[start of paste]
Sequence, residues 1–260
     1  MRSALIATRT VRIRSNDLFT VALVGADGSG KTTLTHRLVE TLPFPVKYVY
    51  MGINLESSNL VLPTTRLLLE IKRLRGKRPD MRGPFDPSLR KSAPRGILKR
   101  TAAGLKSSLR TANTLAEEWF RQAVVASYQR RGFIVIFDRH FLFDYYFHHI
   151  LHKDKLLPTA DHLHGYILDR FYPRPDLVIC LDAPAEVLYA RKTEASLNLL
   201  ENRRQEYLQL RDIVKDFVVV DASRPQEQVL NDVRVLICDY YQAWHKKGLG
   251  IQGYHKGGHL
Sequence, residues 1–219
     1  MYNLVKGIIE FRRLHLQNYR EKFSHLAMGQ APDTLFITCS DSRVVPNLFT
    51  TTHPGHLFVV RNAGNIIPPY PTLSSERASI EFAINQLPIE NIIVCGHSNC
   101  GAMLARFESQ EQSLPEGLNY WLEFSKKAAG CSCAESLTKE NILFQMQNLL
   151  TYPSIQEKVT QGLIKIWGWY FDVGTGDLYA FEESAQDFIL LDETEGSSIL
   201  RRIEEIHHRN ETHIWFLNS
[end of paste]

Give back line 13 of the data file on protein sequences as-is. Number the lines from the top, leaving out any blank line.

   201  RRIEEIHHRN ETHIWFLNS